I began using a giant wooden spoon like a paddle to combine the stuff, like a peasant laborer. I realized quickly that this was why so many aristocrats were beheaded or burned at stakes, because their serfs had to mix food like this EVERY DAY and didn't get to eat any of it because they had to instead feed the aristocracy while they sat wearing hats so big they caused permanent vertebral damage only repaired by the guillotine.

When it was finally combined, it was the size of my dog. My dog weighs 20 pounds. I had been mixing for three straight hours. My gingerbread weighed forty pounds.  I divided the gingerbread into four great hunks, approximately ten pounds each. I had long ago given up on the idea that I would only have 100 cookies.

I thought probably it would be between 300-400 cookies. I went to bed, and when I tried to get up, I stuck to my pillow because somehow I'd managed to get gingerbread on my head or neck during the mixing process.

I took the gingerbread to work. It looked like I had a body in my trunk, but really it was gingerbread.

Today we rolled it out, cut the cookies, and baked them. We worked for another three hours. So much gingerbread. So much rolling of dough. Six hours of my life were stolen by gingerbread. SIX HOURS. There is no escape.

April did not want me to take this picture. I took it anyway.
We did not have 300 cookies. We had more. We had more than 400 cookies. We actually had 404.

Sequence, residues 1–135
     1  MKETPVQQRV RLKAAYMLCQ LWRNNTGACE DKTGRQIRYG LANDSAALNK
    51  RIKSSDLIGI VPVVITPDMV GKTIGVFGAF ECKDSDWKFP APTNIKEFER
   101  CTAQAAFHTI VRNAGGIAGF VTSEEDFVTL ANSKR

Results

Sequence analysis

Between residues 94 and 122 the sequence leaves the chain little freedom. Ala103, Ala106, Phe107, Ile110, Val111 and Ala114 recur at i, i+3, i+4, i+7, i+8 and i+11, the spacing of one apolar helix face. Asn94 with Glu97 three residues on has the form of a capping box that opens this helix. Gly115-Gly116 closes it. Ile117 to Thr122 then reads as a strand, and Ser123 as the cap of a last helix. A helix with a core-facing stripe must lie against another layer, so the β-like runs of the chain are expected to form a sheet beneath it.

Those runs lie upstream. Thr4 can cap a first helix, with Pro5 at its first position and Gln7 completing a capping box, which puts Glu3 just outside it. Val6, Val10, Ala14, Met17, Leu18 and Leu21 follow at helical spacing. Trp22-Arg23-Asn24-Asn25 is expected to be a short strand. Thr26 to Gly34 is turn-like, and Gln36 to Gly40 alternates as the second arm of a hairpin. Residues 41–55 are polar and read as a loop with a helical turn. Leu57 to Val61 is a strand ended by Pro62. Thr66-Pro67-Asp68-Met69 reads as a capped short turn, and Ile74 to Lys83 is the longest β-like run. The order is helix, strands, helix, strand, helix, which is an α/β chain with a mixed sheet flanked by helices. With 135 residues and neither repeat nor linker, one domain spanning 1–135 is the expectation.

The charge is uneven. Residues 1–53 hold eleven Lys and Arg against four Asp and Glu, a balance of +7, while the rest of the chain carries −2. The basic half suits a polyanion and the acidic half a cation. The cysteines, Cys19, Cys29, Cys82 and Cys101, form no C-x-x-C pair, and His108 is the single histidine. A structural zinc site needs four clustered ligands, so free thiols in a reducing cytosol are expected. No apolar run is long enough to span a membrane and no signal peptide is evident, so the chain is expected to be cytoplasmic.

I actually do not have a line down the middle of my forehead, it is my bangs attacking me.
Four. Hundred. And. Four. Cookies. I could be buried in these cookies. You could live on these cookies for a week. Maybe longer.


Guess what? That is not all of the cookies. THIS is all of the cookies.


In fact, that isn't all of them, either. This is because we encouraged the rest of the library staff to come sample a cookie or TEN cookies.


But because there are 404 cookies, Red, my friend from Twitter, told me this: "404? Wait, that means there are no cookies! 404 not found error!" And that made him my favorite. And then Allison at work made me a sign to go with the cookies because she knew how happy it would make me.

404 ERROR, Nothing Found.

6 comments:

  1. I will admit, my first thought was also "404: cookies not found."

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  2. That was my first thought as well. I just shared this post with a few of my coworkers, and they are in shock and also wishing they were closer so they could eat cookies.

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  3. This brightened my morning considerably. 404 cookies!! I die. Also you must have arms if steel after all of that.